ATLANTA -- Multiple University of Tennessee officials would not confirm Sunday afternoon reports that Tampa Bay Buccaneers associate head coach and special teams coordinator Rich Bisaccia had accepted a position with UT.
A college or NFL coach since 1983, Bisaccia has spent the past nine seasons with the Bucs. His link to UT surfaced Sunday in an ESPN.com story.
Bisaccia has coached Tampa Bay's special teams since 2002, and former Bucs head coach Jon Gruden has called him "as fine a coach as I've ever been around." Bisaccia has been the Bucs' associate head coach since 2008, and he also coached the team's running backs in 2008.
Following a four-year playing career as a defensive back at South Dakota's Yankton College and short stint with the USFL's Philadelphia Stars, the New York native began his coaching career at Wayne State in 1983. He had various roles as a South Carolina assistant from 1989-93, and he spent 1994-98 at Clemson and 1999-2001 at Ole Miss before joining the Bucs. Bisaccia has coached special teams every season at the NFL or Southeastern Conference level since 1989.
Bisaccia could plausibly handle all the duties vacated with the recent departure of UT running backs and special teams coach Eddie Gran, who is now Florida State's associate head coach. He would also, at least temporarily, return Vols first-year head coach Lane Kiffin to his full allotment of assistants.
Kiffin had already spoken with media when the Bisaccia rumors went public Sunday afternoon, and attempts to contact Kiffin weren't immediately successful.
At approximately 1:30 p.m. Sunday, Kiffin, like most people, assumed Florida coach Urban Meyer would stand by his Saturday night decision to leave the Gators after their Jan. 1 Sugar Bowl game. Meyer hadn't yet announced his intention to merely take an "indefinite leave of absence" in hopes of returning to the Gators.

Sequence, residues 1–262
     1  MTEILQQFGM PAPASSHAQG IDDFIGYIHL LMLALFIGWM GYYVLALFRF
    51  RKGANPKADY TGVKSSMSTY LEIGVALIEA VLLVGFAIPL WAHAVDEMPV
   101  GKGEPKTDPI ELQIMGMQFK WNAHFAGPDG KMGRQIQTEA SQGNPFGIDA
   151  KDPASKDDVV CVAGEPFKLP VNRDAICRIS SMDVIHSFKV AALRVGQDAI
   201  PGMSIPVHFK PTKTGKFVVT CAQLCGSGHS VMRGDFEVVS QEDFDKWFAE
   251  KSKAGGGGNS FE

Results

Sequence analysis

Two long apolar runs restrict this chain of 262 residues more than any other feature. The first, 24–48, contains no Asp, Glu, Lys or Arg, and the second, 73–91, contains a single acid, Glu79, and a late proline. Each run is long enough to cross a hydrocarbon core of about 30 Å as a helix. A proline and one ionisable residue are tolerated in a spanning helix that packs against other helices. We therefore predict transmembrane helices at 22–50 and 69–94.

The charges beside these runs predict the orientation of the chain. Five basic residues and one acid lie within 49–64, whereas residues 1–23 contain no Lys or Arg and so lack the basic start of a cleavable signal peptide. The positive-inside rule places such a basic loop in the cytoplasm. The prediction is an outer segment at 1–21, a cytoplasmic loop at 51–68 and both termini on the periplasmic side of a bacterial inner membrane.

Kiffin reiterated his well wishes to Meyer, whom he's repeatedly feuded with since last December.
"It's a sad story," Kiffin said. "This is a competitive profession, and we wish him the best of luck."
Kiffin said Meyer's comments about his family hit home to a peer who understands the nonstop role of modern college coaching.
"I think it is extremely tough -- especially with how competitive it is nowadays, especially in this conference," Kiffin offered. "That's why it's really on your wife, to have a wife who can handle all of the things that go with it. It's tough to see, because he is a great coach. The conference will miss him, as will all of college football."
Coaching is also a business, though, and Kiffin only slightly side-stepped questions regarding possible plans to pillage Florida's recruiting class.
"I have to be careful how I answer that question," Kiffin said. "But you guys that know us and cover us can probably figure that we have been on the phone a lot already, and we will continue to do that."
VOLS THIS, VOLS THAT
Kiffin said Sunday's practice was only marginally sharper than Saturday's. "We are still rusty," he said. "I would like for us to be more crisp especially on offense," Kiffin said. "We still have a ton of work to do." ...
Freshman tailback Bryce Brown (concussion) wasn't cleared for full contact Sunday, but Kiffin hopes his highly touted prospect will be 100 percent today. Brown said he wasn't concerned about suffering two concussions this season because he'd never had any before enrolling at UT. "I've had some headaches and been a little light-headed, but it's getting better, and it will be gone soon," Brown said. "I moved around a little bit today, and the trainers said I'm really close." ...
Freshman tailback Toney Williams, a Chattanooga native who played high school ball in the Atlanta area, said the rehab process on his surgically-repaired ACL tear finished Saturday. Williams, who enrolled last January and impressed coaches in spring practice, won't play against Virginia Tech but plans to be 100 percent for spring practice. "It's been hard, because I just want to play," Williams said. "You don't feel like a part of the team when you can't play, but I got through it, and I'll be back and better than I was before." ...
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